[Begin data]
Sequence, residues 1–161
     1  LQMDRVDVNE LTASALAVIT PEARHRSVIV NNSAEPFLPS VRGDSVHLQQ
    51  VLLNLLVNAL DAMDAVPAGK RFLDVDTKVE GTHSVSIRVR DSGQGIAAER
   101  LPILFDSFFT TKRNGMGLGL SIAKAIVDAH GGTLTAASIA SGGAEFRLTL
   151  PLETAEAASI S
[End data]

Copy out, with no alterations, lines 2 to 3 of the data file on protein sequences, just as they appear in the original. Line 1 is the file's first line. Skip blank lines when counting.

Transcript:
     1  LQMDRVDVNE LTASALAVIT PEARHRSVIV NNSAEPFLPS VRGDSVHLQQ
    51  VLLNLLVNAL DAMDAVPAGK RFLDVDTKVE GTHSVSIRVR DSGQGIAAER